I never thought it would be this hard, though. And it is so hard.

I get how whiney this sounds, and that two of the last three blog posts I’ve put up are about my transition. I don’t mean to be whiney, but the reality is, I’m not the only one that feels this way. This is hard stuff, and right now, I need to say it out loud. I need to live into these emotions I hate so much so that I might be able to live through them. Because truthfully, I have no other clue what to do.

And I think what Marta said when we first met is true of many of us. We are all in some way mourning. Perhaps it is that we’re mourning our youth, lost relationships, dead pets, or old broken down cars. This is a place that we can reside together for a time, and offer comfort and bottles of wine. I know that I will not always be in this place, that eventually I will no longer be mourning Ukraine, and surely there will be other circumstances in my life that will cause me less, equal, or greater pain than I’m now experiencing. Such is the nature of life. And if it is true for me, friends, it is also true for you. If you’re in the mourning place, I feel ya. I’ll bring the ice cream, but I also know that for you too this shall pass. It is only for a season.

But doesn’t it surely suck?


One thought on “Mourning

  1. Reblogged this on There Be Method To Madness and commented:
    My friend Erica is Superwoman, and an amazing writer. While I was in South Africa, she served in Ukraine. She was there when the revolution broke out, and left when it hit its peak. When I first read her blog, I was reminded of Henri Nouwen’s “Love Deeply” entry in “The Inner Voice of Love”:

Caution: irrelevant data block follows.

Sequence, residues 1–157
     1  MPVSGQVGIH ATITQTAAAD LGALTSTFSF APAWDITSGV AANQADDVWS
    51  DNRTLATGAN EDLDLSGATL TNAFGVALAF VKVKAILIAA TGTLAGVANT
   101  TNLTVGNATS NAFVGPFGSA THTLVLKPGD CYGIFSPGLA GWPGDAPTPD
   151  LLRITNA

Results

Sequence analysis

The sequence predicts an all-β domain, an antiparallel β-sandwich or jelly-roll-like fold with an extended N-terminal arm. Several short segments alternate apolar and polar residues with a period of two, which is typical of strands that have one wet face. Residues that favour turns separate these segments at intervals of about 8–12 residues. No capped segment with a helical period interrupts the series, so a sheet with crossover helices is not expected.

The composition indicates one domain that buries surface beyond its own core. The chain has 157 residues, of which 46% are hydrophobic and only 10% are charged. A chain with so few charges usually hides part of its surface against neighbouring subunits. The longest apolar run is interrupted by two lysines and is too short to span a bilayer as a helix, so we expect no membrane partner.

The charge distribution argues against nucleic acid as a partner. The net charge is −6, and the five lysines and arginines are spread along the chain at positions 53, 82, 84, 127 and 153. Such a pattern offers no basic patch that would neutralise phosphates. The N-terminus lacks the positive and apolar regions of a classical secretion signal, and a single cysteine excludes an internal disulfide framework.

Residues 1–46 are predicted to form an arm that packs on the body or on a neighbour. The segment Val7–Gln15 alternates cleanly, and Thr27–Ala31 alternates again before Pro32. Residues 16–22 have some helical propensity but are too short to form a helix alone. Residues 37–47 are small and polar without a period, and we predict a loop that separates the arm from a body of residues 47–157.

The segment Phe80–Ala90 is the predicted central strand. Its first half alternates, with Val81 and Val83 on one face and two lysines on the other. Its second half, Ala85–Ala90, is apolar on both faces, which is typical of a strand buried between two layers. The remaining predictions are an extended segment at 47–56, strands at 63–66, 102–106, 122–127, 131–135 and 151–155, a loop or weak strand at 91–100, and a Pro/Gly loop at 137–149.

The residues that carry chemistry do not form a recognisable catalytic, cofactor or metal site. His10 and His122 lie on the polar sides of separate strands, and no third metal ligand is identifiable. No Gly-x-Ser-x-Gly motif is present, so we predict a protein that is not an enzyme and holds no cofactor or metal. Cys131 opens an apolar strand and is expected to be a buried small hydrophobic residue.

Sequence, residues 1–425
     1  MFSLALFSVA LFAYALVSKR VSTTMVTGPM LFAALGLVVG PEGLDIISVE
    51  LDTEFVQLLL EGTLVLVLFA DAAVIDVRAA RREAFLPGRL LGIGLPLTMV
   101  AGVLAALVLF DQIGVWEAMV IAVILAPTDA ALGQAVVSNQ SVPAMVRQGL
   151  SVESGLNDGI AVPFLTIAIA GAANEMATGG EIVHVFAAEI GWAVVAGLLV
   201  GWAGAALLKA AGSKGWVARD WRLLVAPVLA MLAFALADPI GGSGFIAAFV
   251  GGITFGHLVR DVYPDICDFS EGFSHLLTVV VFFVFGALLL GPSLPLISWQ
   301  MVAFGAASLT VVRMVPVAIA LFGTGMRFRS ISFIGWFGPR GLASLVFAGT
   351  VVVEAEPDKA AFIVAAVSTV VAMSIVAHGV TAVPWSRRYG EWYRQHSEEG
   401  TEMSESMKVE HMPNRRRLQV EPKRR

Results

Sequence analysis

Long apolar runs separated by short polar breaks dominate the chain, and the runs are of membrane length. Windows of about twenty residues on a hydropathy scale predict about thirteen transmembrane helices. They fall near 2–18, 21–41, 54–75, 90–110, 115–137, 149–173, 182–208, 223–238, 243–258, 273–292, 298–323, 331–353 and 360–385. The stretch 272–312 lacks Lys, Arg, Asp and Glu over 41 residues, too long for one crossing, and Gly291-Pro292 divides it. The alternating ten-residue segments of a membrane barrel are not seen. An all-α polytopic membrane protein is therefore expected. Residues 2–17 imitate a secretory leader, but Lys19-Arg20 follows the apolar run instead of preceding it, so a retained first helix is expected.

“Do not hesitate to love and to love deeply. You might be afraid of the pain that deep love can cause. When those you love deeply reject you, leave you, or die, your heart will be broken. But that should not hold you back from loving deeply. The pain that comes from deep love makes your love ever more fruitful. It is like a plow that breaks the ground to allow the seed to take root and grow into a strong plant. Every time you experience the pain of rejection, absence, or death, you are faced with a choice. You can become bitter and decide not to love again, or you can stand straight in your pain and let the soil on which you stand become richer and more able to give life to new seeds.

    “The more you have loved and have allowed yourself to suffer because of your love, the more you will be able to let your heart grow wider and deeper. When your love is truly giving and receiving, those whom you love will not leave your heart even when they depart from you. They will become part of your self and thus gradually build a community within you.

    “Those you have deeply loved become a part of you. The longer you live, there will always be more people to be loved by you and to become part of your inner community. The wider your inner community becomes, the more easily you will recognize your own brothers and sisters in the strangers around you. Those who are alive within you will recognize those who are alive around you. The wider community of your heart, the wider the community around you. Thus the pain of rejection, absence, and death can become fruitful. Yes, as you love deeply the ground of your heart will be broken more and more, but you will rejoice in the abundance of the fruit it will bear.”

    If you are reading this blog, please pray for my fellow missionaries and me as we learn to readjust to our mission contexts, be they foreign or familiar.